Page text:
Rupert Murdoch, the leader of News Corp, is on a mission to get people to pay for his company’s journalism. He ’s even threatening to pull News Corp content off Google and to do an exclusive deal with Microsoft instead. Has he lost the plot?
Browsing: Duncan McLeod
The department of communications has called a colloquium this week to seek public input on national broadband policy. Previously, it would have been little more than a talk shop. But something constructive may flow out of this meeting. Communications minister Siphiwe Nyanda has breathed fresh life into a ministry left moribund by his predecessor, the late Ivy Matsepe- Casaburri
New legislation meant to fight crime is having a deleterious effect on mobile operators. Vodacom, MTN and Cell C saw new connections to their networks fall off a cliff at the beginning of August. It’s hard to see how the gain is worth the pain. “I told you so!” That’s what Alan Knott- Craig, the former CEO of Vodacom Group, is probably muttering under his breath
Telkom faces the possibility of potentially crippling fines for alleged anticompetitive abuses in the Internet market. If the company is forced to cough up, creative uses that benefit consumers should be found for that money
Windows 7 has landed. After months of hype, Microsoft has finally delivered its newest PC operating system. Reviewers are raving…
This week, Amazon.com’s Kindle e-book reader went on sale in SA and around the world. E-books are finally coming of age. Here’s why you’re going to want to buy one and why you may be better off delaying your purchase for a short while. If anyone has any doubts that the future of book publishing is electronic, consider this: where Amazon stocks both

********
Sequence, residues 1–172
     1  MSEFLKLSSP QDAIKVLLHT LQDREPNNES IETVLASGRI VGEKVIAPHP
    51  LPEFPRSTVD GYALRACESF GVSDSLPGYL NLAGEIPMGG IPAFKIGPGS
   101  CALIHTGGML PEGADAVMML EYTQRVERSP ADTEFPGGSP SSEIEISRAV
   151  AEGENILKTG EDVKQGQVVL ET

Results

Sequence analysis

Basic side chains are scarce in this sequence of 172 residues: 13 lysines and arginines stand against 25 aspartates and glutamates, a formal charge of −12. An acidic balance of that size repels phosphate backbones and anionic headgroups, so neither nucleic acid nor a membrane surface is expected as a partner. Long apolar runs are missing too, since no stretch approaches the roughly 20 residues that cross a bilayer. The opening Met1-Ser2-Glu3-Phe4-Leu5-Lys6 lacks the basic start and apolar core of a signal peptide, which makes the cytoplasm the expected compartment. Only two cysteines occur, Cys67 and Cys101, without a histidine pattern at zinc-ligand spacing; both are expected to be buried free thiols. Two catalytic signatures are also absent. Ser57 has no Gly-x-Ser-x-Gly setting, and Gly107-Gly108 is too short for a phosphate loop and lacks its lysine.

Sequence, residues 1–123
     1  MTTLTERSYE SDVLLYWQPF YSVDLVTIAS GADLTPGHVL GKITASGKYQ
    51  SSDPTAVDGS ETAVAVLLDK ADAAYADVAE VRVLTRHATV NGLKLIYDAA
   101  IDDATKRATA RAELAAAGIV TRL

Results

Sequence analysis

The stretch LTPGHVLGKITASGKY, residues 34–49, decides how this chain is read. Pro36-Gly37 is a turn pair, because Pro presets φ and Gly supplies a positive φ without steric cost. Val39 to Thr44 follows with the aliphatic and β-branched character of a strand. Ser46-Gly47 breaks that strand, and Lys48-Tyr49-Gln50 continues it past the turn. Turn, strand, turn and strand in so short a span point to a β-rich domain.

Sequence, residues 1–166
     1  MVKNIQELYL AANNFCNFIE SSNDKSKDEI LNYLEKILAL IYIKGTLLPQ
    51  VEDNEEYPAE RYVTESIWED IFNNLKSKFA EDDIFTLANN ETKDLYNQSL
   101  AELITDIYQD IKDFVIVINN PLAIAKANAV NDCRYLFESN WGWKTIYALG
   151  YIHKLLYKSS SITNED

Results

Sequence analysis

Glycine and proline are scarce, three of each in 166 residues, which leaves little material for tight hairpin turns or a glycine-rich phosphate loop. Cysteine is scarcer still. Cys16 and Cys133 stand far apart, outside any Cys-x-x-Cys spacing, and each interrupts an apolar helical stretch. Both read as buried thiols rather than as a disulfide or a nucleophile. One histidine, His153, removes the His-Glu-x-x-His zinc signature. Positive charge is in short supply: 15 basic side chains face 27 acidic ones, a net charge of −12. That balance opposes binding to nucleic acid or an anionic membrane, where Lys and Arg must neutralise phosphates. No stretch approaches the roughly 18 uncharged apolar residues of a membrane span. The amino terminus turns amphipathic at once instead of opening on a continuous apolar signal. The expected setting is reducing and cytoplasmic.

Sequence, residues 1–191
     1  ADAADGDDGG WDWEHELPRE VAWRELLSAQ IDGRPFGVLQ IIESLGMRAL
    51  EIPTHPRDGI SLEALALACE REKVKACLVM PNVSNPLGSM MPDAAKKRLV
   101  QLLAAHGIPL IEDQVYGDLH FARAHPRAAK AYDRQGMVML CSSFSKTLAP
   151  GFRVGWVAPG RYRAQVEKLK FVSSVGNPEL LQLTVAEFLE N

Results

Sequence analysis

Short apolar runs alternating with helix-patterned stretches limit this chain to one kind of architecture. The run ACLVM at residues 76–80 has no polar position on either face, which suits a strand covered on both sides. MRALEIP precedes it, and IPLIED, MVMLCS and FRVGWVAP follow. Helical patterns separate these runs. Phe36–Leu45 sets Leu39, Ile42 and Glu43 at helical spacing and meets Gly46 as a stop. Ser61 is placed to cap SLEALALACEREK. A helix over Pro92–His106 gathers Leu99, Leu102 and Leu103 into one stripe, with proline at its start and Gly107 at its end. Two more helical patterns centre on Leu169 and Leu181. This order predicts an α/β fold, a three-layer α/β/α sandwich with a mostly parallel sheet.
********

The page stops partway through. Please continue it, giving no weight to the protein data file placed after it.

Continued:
Cellular operators were set to receive a grilling in parliament this week. Politicians want mobile interconnection fees to come down. But it’s far from clear if the basic cost of calls will also fall. Can politicians avoid the temptation of interfering further?
Some commentators have speculated that the failure of talks between MTN and India’s Bharti Airtel points to a more protectionist approach by government. If so, it’s troubling. The country ought to be opening up to investors, not scaring them away
SA consumers got their first taste of a broadband price war last week when a small Internet service provider, Afrihost, slashed the price of bandwidth to below cost. It’s a promising start, but matters little until Telkom is forced to open its network to rivals. It was a ballsy move. Last week, Afrihost cut the cost of fixed-line bandwidth on broadband digital subscriber lines to just R29/GB. To put that in perspective, the average selling price for this type of bandwidth has, until now, been R50-R70/GB
Is Google a friend of the media, or a foe that will undermine journalism? It’s a debate that’s been raging in media circles. But no-one has been able to agree: is Google bad news for the news business? Newspapers are in trouble, especially in developed economies. That much is clear. What’s open to debate is whether it’s the worldwide economic crisis that’s to blame or whether it’s more to do with newspaper readers abandoning newsprint for online news sources